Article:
[0028] In a state where the main power to the electronic appliance is off, operating the switch SW serves as giving an instruction to turn the main power on. This causes a pulse signal to be fed from the switch SW to the power supply control circuit 1. The pulse signal from the switch SW is, as a signal accompanied by chatter as shown in FIG. 3A, fed to the chatter eliminator 11, which then eliminates the chatter, which behaves as noise, so as to output a pulse signal as shown in FIG. 3B. That is, the pulse signal having chatter eliminated therefrom by the chatter eliminator 11 is dealt with as the pulse signal generated as the result of the switch SW being operated.

[0029] The pulse signal thus having chatter eliminated therefrom is fed to the pulse shaper 12 and to the delay generators 13 a and 13 b. The pulse shaper 12 converts the pulse signal fed from the chatter eliminator 11 into a pulse signal having a pulse width Tp as shown in FIG. 3C, and then outputs this pulse signal. The pulse signal from the pulse shaper 12 is, as a drive control signal, fed through the OR gate 14 to the power supply circuit 2 a. This turns the power supply circuit 2 a on, and thus cases the supply voltage VCC1 to start to be supplied to the microcomputer 3.

[0030] The delay generator 13 a gives a delay of a length of time Ta to the pulse signal from the chatter eliminator 11 as shown in FIG. 3D. This delay time Ta is so set as to be longer than the length of time required after the power supply circuit 2 a starts to operate until the supply voltage VCC1 rises to a sufficient level. When the pulse signal thus delayed by the delay time Ta is fed to the control signal generator 15 a, the state control signal outputted from the control signal generator 15 a turns high as shown in FIG. 3G, and thus causes the microcomputer 3 to be brought into an active state. That is, after the power supply circuit 2 a is driven with the drive control signal, the lapse of the length of time Ta permits the supply voltage VCC1 to rise to a sufficient level; thereafter, the state control signal is turned high to bring the microcomputer 3 into an active state so that the microcomputer 3 begins to start up.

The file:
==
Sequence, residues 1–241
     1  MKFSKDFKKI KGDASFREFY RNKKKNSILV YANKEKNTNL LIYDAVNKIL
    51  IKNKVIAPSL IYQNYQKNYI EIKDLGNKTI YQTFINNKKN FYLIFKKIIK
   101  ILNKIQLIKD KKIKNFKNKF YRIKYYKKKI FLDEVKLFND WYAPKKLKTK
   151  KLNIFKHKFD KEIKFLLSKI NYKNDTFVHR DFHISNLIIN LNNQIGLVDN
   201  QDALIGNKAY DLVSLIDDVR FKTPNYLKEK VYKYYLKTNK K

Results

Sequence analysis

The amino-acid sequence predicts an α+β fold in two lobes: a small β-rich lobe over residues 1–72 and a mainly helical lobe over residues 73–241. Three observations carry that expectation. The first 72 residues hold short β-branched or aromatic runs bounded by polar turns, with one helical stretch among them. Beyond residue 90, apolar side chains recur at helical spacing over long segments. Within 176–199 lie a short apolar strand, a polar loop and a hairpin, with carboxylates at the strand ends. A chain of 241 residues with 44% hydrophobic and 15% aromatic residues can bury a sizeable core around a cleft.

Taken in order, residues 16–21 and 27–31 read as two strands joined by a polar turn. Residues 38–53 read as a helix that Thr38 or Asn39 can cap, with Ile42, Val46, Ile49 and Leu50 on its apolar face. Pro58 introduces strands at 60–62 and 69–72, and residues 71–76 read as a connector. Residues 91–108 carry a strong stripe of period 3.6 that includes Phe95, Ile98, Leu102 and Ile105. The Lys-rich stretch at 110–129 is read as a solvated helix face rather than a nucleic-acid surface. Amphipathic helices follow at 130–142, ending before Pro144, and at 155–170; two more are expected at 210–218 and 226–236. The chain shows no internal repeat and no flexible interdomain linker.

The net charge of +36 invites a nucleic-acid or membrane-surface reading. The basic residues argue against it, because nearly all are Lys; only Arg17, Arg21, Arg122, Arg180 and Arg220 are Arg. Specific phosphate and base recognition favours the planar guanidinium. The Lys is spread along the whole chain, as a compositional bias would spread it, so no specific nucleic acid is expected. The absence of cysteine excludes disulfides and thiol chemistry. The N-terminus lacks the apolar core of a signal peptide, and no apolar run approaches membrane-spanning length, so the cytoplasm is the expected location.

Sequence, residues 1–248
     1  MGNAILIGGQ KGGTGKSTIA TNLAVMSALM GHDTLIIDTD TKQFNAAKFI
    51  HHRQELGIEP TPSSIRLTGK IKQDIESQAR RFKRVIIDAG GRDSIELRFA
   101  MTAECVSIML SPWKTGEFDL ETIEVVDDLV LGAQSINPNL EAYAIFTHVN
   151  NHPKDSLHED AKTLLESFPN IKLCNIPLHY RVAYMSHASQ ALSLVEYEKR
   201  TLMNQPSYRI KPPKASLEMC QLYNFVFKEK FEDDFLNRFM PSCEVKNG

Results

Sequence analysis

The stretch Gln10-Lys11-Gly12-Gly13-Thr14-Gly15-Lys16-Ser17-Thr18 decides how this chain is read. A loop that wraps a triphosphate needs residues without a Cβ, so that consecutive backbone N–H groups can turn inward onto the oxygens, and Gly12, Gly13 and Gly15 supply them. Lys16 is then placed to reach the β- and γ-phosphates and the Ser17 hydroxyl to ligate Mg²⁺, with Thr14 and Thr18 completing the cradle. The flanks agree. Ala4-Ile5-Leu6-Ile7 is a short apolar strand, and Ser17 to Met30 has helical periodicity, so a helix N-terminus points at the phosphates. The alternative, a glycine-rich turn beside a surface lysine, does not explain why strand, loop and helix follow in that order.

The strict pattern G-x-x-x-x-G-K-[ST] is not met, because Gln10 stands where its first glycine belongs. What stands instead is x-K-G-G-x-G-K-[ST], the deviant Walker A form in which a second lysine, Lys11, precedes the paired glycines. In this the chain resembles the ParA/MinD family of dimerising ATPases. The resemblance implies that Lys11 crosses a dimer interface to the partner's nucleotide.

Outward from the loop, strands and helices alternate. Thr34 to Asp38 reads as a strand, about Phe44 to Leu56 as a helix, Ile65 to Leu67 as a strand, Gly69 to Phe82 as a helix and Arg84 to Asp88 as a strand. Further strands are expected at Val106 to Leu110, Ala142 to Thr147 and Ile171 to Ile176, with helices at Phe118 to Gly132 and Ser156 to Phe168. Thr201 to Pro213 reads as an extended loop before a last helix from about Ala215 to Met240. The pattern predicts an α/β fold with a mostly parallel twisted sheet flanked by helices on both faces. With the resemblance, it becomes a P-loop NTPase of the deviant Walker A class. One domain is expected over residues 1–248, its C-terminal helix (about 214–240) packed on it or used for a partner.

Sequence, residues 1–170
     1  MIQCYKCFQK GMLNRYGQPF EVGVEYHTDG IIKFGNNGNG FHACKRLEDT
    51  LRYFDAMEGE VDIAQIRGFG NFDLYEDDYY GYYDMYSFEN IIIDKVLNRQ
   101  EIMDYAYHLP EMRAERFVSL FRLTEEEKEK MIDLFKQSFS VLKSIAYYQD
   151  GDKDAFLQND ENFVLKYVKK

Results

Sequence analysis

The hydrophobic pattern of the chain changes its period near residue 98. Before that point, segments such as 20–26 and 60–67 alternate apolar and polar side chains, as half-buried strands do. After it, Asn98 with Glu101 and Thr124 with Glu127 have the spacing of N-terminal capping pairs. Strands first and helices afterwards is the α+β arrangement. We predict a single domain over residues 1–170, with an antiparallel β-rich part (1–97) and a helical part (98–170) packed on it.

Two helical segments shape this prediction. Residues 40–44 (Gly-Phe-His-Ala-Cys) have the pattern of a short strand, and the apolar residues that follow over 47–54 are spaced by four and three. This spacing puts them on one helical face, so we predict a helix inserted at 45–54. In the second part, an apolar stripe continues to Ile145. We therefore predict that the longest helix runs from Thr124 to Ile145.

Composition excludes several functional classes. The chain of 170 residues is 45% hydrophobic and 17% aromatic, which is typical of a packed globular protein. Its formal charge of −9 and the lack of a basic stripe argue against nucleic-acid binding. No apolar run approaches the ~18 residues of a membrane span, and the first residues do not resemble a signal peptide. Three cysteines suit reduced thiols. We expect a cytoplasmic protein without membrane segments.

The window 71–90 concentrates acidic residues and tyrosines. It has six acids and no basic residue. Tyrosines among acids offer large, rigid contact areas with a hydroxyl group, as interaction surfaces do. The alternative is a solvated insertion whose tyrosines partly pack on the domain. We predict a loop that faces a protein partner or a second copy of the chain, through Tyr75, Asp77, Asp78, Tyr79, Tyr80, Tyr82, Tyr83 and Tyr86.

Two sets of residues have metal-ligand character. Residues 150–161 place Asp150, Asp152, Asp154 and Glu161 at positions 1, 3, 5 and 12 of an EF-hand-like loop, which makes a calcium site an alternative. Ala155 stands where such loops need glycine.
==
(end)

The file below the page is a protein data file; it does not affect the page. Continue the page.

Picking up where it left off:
[0031] After the microcomputer 3 is supplied with the supply voltage VCC1 from the power supply circuit 2 a and starts to perform its start-up operations including the resetting of itself, when a length of time Tb elapses after the power supply circuit 2 a starts its start-up operations, the microcomputer 3 is brought into an active state, and thus completes its start-up operations. At this time, the microcomputer 3 generates a start-up completion indicating signal that indicates that the microcomputer 3 has completely started up, and outputs it to the power supply control circuit 1. As shown in FIG. 3E, this start-up completion indicating signal turns from low to high when the microcomputer 3 is brought into an active state on completion of starting-up. On the other hand, the pulse signal outputted from the pulse shaper 12 is so set that its pulse width Tp and the length of time Tb required until the completion of the starting-up of the microcomputer 3 fulfils the relation Tp>Tb.

[0032] Thus, the OR gate 14, after receiving the pulse signal from the pulse shaper 12, receives the start-up completion indicating signal, which turns high while that pulse signal is present. As a result, after the main power is turned on, and then the pulse signal from the pulse shaper 12 is fed to the OR gate 14, the drive control signal outputted from the OR gate 14 is kept high as shown in FIG. 3F, and thus the power supply circuit 2 a is kept on.